Union laws in this country disfavor unions – but a new bill in Congress could change that. As many union members already know, the National Labor Relations Act and the Labor-Management Relations Act are the primary federal laws that guide labor-management relations in the United States. These statutes work in conjunction with each other to provide a methodology for the conduct of union representation elections as well as the means for the adjudication of unfair labor practice charges alleging violations of the laws’ proscriptions on the conduct of labor relations. The Bureau of Labor Statistics has determined that union members earn 25.6 percent more than workers who are not covered by a collective bargaining agreement. Furthermore, workers who are represented by a union are 28 percent more likely to be covered by employer-provided health insurance and defined pension benefits. These statistics have a direct correlation with the legal framework set forth in these laws and serve to demonstrate how unionization has a beneficial impact upon our economy. However, a close examination of these federal labor laws reveals that they are seriously flawed and essentially stack the deck in favor of management. It is a tribute to labor’s fortitude that there remains any union density in this country at all, especially given the federal government’s current hostility to union organization and negotiation.
Presently there is a bill in both the House and Senate that would shore up loopholes and inequities that presently exist in these statutes. The Protecting the Right to Organize Act (otherwise known as the “PRO Act” or H.R. 2474/S.1306) was introduced this year in both chambers. Every union member (or aspiring union member) should support this legislation. If enacted, it will go a long way to increasing union presence in this country and bolster the middle class, who are vital to the continued success of our democracy. In this article, I detail some of the law’s major highlights.
Currently, federal labor law has no provision for civil penalties in the event the law is violated. Nor is a private right of action available to anyone aggrieved by a violation of the law. The PRO Act provides for statutory penalties if orders of the NLRB are not promptly complied with. Further enforcement mechanisms would be streamlined so that the NLRB would has the legal authority to enforce its orders. Presently, only the U.S. Circuit Court of Appeals have the legal authority to enforce NLRB orders. Additionally, the law does not permit individual workers to sue if they have suffered damages due to a violation of the law. The PRO Act would permit private actions. Strong, prompt and effective enforcement provisions are essential to the administration of justice. Federal labor law is sorely lacking in this respect.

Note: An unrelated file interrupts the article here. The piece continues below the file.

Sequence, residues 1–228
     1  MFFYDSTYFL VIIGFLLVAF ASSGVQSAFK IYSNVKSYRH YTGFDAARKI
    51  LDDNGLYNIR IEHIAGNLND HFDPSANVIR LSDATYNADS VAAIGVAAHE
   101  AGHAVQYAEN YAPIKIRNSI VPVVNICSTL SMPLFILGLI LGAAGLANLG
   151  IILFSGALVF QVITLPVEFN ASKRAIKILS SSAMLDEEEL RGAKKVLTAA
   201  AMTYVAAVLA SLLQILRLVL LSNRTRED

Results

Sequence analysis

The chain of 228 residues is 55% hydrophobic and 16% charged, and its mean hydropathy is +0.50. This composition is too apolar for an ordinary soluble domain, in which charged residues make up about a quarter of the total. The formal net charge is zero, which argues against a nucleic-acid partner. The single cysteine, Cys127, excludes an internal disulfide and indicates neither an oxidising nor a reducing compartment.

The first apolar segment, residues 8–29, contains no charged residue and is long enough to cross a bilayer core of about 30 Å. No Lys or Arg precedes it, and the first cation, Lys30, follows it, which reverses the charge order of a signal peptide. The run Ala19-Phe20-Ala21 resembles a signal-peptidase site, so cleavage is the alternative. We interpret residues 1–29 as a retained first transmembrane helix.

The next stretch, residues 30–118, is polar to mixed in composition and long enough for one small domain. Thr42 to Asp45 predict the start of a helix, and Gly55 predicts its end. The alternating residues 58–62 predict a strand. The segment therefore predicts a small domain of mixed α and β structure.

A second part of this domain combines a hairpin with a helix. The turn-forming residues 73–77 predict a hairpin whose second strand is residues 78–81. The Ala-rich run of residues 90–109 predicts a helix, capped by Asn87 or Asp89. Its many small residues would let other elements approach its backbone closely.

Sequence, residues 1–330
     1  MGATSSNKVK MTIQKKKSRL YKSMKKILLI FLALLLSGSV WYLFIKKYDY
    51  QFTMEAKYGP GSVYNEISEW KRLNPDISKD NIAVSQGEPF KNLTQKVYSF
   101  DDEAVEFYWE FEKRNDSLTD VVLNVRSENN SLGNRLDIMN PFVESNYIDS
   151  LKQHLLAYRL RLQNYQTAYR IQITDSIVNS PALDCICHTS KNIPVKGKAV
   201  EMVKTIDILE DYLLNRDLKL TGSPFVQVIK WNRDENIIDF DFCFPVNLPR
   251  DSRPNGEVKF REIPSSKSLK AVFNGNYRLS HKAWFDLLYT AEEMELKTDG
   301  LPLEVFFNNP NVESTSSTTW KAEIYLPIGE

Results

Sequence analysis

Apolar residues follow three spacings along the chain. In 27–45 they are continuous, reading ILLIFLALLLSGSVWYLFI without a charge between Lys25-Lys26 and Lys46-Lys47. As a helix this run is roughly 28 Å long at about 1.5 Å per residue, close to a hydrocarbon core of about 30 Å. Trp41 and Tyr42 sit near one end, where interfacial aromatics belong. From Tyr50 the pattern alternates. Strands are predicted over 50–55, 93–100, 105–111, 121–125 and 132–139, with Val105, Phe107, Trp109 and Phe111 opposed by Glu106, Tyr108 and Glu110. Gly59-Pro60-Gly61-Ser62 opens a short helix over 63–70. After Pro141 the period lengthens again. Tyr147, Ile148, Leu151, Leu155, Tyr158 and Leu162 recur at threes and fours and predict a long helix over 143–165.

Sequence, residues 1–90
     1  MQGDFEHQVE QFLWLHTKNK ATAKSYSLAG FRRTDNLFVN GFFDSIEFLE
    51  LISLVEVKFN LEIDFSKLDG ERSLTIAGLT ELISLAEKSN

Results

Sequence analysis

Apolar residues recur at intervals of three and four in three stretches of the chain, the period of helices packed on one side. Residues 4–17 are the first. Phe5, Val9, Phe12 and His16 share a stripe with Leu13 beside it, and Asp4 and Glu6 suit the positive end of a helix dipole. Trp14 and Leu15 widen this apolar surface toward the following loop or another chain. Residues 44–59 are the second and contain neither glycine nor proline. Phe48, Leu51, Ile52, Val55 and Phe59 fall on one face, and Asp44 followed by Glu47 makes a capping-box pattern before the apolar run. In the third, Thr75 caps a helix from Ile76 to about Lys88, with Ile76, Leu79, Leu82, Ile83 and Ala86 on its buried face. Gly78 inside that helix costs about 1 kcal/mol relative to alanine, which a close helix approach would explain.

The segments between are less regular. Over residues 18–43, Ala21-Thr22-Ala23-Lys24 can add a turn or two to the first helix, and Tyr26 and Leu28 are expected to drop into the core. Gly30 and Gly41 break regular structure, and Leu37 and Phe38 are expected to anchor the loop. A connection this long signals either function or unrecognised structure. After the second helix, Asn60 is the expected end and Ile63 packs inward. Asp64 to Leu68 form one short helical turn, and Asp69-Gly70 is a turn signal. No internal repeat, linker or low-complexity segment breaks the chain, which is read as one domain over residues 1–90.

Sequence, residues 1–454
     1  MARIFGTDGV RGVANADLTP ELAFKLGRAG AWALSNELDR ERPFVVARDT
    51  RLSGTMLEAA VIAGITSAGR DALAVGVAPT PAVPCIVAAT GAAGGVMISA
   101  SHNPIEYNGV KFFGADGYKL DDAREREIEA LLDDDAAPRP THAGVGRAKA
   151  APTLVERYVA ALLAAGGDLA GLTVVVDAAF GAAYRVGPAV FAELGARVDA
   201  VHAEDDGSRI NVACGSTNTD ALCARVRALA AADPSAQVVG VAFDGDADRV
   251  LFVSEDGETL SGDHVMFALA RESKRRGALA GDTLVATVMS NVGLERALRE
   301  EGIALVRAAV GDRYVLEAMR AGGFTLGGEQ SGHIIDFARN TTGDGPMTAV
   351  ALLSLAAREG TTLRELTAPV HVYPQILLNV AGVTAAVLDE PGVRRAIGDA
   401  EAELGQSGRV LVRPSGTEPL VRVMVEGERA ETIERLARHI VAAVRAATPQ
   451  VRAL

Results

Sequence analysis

Federal law in its present form excludes many workers from its legal protections. The PRO Act would extend coverage of the law and would make it illegal for workers to be misclassified. Recently, the NLRB held in Velox Express, Inc. (368 NLRB No 61) that an employer’s misclassification of its employees as independent contractors is not an unfair labor practice. This new law would overrule this aberrant decision.
The PRO Act would impose mandatory mediation and arbitration after a new bargaining unit is certified if collective bargaining over an initial contract fails to promptly result in an agreement. This is an essential feature of the proposed law. Almost half of new units fail to reach agreement by the end of the certification year. After that point they are at risk of decertification. Statutory mediation and certification would guarantee that the parties would at the very least achieve a rudimentary initial collective bargaining agreement.
Presently, striking workers can legally be permanently replaced by their employers. In many instances this legal gloss on the law, sanctioned by the Supreme Court, has rendered inert a union’s ability to effectively strike. The PRO Act would overrule that precedent and striking workers could not be legally replaced.
Finally, the PRO Act would eliminate right-to-work laws that prevent unions from collecting agency fees from nonunion members. Right-to-work laws have drained the financial resources of many unions by forcing them to fully and fairly represent workers who do not pay any fees.
This law would ensure the vitality of labor unions for many generations to come. Highlights of the legislation can be found at www.bitly.com/the-pro-act. Please contact your representatives and alert them to your support for this legislation.
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In July 2018, I wrote about the case of Neshoma Orchestra, a band devoted to Jewish weddings, functions and events. Since 2012, Neshoma had failed to pay pension contributions, and therefore the AFM pension fund had assessed $1.2 million in withdrawal liability against it. Neshoma then initiated a counter-suit against Local 802, which was dismissed. (For all the details, see my full article at www.bitly.com/neshoma.) Now, the Neshoma Orchestra has filed an appeal of the lower court’s ruling with the U.S. District Court for the Second Circuit of New York. The union has filed its opposition to the appeal and is presently awaiting an oral argument date. I believe that there is a strong likelihood that the lower court’s decision will be affirmed and that Local 802 will prevail. We’ll keep you posted on the results.
Harvey Mars is counsel to Local 802. Legal questions from members are welcome. E-mail them to HsmLaborLaw@HarveyMarsAttorney.com. Harvey Mars’s previous articles in this series are archived at www.HarveyMarsAttorney.com. (Click on “Publications & Articles” from the top menu.) Nothing here or in previous articles should be construed as formal legal advice given in the context of an attorney-client relationship.